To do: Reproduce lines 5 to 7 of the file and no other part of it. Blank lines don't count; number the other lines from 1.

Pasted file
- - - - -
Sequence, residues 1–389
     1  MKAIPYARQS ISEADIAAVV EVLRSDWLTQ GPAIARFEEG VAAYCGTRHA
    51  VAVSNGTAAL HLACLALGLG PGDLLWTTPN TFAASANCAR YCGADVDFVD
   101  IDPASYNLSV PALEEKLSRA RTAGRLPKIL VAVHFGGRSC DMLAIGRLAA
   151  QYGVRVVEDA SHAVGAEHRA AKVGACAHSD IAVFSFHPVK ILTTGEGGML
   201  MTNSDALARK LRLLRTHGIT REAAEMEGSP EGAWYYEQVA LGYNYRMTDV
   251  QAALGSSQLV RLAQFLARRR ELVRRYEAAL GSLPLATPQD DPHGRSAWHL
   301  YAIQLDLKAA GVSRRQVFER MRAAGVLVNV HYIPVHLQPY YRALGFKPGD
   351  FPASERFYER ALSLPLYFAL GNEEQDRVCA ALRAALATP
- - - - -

   151  QYGVRVVEDA SHAVGAEHRA AKVGACAHSD IAVFSFHPVK ILTTGEGGML
   201  MTNSDALARK LRLLRTHGIT REAAEMEGSP EGAWYYEQVA LGYNYRMTDV
   251  QAALGSSQLV RLAQFLARRR ELVRRYEAAL GSLPLATPQD DPHGRSAWHL